Morgan Stanley Sees Headwinds for Carnival, Royal Caribbean Stocks

CCL and RCL both hit new lows earlier

by Karee Venema

Published on Jun 5, 2018 at 10:08 AM
Updated on Jun 24, 2020 at 10:16 AM

Morgan Stanley chimed in on cruise lines today, saying recent strength in oil prices and the U.S. dollar have created stiff headwinds for the sector. The brokerage firm lowered its earnings-per-share (EPS) forecasts and price targets for several names within the sector, including Carnival Corp (NYSE:CCL) and Royal Caribbean Cruises Ltd (NYSE:RCL).

Carnival Stock at Risk for More Bear Notes

Carnival, for instance, saw its 2018 EPS estimate cut by 6%, and its fiscal 2019 EPS slashed by 11% -- citing concern over the company's non-U.S. dollar exposure and expiring fuel hedges. The brokerage firm also cut its CCL price target to $63 from $70 -- in line with last night's close at $63.34.

CCL stock has now dropped 3.7% to trade at $61.01, and tapped a new annual low of $60.49 out of the gate. This is just more of the same for a stock that's been in a channel of lower highs and lows since early February, with Carnival now down 8% year-to-date.

More bearish brokerage notes may be on the horizon, if this negative price action continues. Of the 13 analysts covering CCL stock, eight still maintain a "strong buy" rating, with not a single "sell" on the books. Plus, the average 12-month price target of $76.52 represents a nearly 25% premium to current trading levels.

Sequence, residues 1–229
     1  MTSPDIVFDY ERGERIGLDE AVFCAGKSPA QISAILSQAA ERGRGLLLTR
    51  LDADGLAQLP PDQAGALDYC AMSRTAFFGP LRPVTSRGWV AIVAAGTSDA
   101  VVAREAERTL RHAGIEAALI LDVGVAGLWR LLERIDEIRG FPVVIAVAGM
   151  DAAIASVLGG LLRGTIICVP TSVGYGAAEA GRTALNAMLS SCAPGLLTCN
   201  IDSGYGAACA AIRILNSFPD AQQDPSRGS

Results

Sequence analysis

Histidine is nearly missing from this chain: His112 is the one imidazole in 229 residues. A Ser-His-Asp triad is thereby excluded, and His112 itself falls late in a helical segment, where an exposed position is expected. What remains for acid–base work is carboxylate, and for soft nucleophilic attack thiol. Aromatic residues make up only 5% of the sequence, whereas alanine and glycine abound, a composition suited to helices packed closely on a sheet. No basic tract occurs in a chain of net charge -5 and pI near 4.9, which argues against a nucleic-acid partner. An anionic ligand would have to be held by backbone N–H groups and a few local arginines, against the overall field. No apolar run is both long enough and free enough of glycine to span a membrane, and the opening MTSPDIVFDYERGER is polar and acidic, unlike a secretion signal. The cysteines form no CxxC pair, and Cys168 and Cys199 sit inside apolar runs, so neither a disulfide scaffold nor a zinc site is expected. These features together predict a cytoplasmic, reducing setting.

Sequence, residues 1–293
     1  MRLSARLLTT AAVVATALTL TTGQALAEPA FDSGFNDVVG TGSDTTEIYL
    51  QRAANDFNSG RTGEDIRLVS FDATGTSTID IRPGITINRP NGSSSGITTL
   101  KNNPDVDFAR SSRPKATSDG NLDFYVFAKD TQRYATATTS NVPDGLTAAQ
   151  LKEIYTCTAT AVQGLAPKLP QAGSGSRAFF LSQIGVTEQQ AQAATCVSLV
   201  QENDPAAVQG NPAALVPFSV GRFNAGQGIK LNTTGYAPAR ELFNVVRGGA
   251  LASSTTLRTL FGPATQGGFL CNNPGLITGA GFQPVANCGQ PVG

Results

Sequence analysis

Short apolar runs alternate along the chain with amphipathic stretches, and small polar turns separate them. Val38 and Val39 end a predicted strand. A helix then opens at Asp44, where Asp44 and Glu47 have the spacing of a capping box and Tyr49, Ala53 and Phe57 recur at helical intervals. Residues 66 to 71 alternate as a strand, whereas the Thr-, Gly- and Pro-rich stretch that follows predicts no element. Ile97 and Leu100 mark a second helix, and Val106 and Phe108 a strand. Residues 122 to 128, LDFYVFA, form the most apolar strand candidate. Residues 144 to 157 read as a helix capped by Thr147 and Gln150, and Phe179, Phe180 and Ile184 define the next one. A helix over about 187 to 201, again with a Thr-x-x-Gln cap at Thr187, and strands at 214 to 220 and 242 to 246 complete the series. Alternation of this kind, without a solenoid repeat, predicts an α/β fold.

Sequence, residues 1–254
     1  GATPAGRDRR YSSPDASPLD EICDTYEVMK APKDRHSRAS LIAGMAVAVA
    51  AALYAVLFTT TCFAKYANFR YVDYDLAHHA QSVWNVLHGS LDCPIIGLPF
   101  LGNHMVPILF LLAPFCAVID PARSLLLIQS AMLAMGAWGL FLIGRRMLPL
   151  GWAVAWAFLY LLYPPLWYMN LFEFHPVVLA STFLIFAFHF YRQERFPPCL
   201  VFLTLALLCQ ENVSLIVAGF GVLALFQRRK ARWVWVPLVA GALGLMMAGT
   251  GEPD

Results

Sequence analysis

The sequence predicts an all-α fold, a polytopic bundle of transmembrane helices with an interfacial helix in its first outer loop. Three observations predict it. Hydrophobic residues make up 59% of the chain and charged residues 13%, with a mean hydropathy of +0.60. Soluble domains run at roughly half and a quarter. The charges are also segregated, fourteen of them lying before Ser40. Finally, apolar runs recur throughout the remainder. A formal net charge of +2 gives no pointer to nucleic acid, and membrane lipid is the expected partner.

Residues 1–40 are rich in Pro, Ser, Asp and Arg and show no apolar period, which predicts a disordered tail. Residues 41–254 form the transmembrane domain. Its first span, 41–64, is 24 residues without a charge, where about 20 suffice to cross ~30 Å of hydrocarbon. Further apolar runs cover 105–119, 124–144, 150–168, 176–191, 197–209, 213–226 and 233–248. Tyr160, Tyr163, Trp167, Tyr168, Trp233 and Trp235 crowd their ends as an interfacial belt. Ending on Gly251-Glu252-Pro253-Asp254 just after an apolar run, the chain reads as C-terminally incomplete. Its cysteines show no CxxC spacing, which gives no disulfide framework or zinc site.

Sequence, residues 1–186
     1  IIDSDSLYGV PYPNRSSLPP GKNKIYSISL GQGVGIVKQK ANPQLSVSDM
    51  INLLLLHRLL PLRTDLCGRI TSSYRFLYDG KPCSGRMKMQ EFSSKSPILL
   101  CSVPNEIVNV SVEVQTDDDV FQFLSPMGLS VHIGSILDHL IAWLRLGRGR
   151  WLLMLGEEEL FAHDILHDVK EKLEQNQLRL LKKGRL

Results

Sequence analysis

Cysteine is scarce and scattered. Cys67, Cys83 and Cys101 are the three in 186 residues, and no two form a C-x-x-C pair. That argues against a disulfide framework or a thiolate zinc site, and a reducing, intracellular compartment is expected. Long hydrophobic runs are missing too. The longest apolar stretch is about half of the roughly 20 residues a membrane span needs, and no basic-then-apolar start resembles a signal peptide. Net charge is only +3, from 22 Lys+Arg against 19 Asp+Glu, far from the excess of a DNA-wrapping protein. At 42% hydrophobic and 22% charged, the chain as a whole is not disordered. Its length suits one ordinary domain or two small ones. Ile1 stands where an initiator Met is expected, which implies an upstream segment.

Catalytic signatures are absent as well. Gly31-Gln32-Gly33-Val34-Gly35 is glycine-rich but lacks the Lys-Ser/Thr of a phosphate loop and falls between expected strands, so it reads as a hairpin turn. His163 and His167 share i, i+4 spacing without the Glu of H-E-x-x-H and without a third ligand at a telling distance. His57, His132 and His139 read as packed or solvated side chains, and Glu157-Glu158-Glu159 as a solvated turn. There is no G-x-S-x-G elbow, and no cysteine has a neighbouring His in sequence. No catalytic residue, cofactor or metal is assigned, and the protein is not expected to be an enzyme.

Short Sellers Turn Up the Heat on Royal Caribbean Stock

Morgan Stanley trimmed its fiscal 2018 and 2019 EPS forecasts for Royal Caribbean Cruises by 2%-3%, and cut its price target for the cruise stock by $20 to $110. RCL stock has plunged 3.1% out of the gate to trade at $103.25, earlier hitting a fresh 52-week low of $102.57.

RCL shares have now shed 24% since their late-January record high of $135.65, and breached long-term support at their 320-day moving average in late April. Against this backdrop, short sellers have been ramping up their bearish exposure to the struggling stock.

Short interest rose 5.1% in the most recent reporting period to 3.84 million shares. However, this accounts for just 1.8% of the stock's available float, and wouldn't even take two days to cover, at the average pace of trading. Royal Caribbean could get hit with stiffer headwinds should traders continue to short the stock.


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